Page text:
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Ed's bad mood begins as something really small, hardly a thing at all. But before long it grows, gathers pace, and spreads through the whole town. Can Ed sweep his troubles away? An uplifting story about confronting big emotions from the author of The Night Box, stunningly illustrated by Julia Sarda. Whether you are three or 103, a bad mood is something we can all relate to and this is the perfect book to help open up discussions about emotions with young children.
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School Library Journal Review
K-Gr 2--In this creative and enchanting picture book, Greig (The Night Box) does an exemplary job of helping children understand bad moods and their ability to control them. On the first page, readers meet Ed, a young boy in a foul mood who is armed with a broom and is facing down a pile of leaves. He begins to sweep and as his grumpiness increases, his sweeping takes on a maniacal life of its own. Ed sweeps up pedestrians, dogs, buses, and bicycles as his pile of leaves grows exponentially. The poor boy can't stop himself even though, "Ed knew perfectly well when he had gone far enough." The bad mood is so all-consuming and infectious that one spread shows the entire town in darkness littered with huge piles of leaves. Fortunately, a new wind begins to blow and slowly,then suddenly, everything looks different and brighter. This delightful tale ends with Ed and his friends flying kites in the wind and talking about how he might think twice before he lets himself be swept away again. VERDICT Bravo! This winning story with Sarda's intricate and glorious digital illustrations is guaranteed to delight and spark conversation. A definite purchase for all collections.--Amy Nolan, St. Joseph Public Library, MI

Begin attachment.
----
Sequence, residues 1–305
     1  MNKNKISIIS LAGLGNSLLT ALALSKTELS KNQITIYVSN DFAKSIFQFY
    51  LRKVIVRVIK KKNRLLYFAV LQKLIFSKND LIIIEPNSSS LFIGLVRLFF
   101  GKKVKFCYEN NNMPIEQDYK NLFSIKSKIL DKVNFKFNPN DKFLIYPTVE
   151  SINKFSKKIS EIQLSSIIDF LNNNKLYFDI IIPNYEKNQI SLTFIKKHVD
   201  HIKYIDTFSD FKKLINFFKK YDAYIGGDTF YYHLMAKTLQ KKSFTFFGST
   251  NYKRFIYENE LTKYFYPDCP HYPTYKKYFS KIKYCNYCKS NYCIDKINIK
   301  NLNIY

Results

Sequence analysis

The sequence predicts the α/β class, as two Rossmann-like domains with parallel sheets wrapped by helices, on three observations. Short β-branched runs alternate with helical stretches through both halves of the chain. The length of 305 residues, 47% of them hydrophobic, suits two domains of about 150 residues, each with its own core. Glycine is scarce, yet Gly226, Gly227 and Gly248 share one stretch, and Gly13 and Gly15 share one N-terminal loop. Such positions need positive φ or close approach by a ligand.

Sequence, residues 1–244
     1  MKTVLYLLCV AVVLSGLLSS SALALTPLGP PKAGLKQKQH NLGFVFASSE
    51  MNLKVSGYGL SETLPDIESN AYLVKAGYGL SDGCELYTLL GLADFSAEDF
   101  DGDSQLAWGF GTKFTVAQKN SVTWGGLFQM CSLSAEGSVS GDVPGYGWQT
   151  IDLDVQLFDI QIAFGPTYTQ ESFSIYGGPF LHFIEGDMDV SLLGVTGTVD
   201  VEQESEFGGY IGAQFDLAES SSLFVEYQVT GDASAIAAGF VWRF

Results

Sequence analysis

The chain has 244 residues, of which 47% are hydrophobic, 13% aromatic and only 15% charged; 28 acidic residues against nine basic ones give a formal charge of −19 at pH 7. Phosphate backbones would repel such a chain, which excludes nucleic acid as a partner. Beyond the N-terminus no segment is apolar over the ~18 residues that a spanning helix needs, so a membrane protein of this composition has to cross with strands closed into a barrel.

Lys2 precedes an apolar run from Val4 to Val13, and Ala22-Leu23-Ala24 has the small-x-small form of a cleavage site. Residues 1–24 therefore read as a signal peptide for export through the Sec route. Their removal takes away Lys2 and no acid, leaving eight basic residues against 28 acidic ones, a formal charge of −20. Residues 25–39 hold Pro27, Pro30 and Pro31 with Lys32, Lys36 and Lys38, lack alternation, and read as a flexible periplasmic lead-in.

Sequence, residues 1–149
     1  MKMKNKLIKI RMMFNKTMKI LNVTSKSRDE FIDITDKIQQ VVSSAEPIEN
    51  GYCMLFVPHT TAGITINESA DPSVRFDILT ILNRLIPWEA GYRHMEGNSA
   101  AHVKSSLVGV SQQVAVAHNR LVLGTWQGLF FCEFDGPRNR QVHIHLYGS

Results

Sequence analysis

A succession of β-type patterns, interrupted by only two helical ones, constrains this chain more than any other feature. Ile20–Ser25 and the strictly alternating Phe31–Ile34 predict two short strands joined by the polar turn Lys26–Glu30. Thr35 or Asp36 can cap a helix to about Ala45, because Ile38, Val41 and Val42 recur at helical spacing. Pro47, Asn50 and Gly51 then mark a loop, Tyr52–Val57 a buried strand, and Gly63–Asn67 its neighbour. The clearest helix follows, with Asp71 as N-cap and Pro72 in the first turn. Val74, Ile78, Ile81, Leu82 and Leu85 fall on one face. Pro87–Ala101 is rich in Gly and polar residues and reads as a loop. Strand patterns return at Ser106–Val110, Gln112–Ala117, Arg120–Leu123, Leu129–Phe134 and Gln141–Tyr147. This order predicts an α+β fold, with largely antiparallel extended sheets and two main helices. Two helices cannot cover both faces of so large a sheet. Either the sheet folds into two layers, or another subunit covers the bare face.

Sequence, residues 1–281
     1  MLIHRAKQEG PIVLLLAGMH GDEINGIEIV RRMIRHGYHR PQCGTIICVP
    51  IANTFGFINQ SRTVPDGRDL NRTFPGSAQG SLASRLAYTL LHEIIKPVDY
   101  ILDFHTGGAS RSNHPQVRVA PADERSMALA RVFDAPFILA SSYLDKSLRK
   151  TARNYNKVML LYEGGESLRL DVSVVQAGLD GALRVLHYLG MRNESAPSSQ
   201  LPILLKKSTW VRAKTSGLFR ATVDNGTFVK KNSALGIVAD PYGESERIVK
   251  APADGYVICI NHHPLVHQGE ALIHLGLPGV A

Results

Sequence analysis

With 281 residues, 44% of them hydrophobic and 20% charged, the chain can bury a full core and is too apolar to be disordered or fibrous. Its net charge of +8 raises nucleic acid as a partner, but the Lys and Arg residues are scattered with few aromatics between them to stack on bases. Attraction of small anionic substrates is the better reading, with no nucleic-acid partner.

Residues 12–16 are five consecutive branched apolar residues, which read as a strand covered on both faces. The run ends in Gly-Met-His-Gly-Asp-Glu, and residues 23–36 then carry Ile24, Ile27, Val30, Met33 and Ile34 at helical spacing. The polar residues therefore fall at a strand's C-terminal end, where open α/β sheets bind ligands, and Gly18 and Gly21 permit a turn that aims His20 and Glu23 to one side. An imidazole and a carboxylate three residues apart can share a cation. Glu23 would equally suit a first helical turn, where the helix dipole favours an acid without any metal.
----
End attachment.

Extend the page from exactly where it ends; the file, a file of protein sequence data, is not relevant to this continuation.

Booklist Review
When Ed trips over a broom left on the ground, it makes him angry. The young boy takes the rake and his rage and rushes off to create havoc by sweeping up everything in his path. His bad mood takes on a life of its own and, though he realizes he's gone too far with his tantrum, the bad mood urges him on. With the offending broom in hand, he sweeps up not only leaves but other objects: bicycles, cars, buses, a phone booth, a sports team, and a marching band. It's not until a fresh breeze blows over him that he's finally able to stop. The detailed, digitally rendered illustrations are done in the colors of autumn, and Ed's mustard-colored jacket stands out, as do a gray dog and black cat that appear in every scene. Ed is downhearted until he finds one special object on the ground that lightens his outlook and elevates his mood in this imaginative, whimsically illustrated examination of the giant effect a bad mood can have.--Maryann Owen Copyright 2010 Booklist
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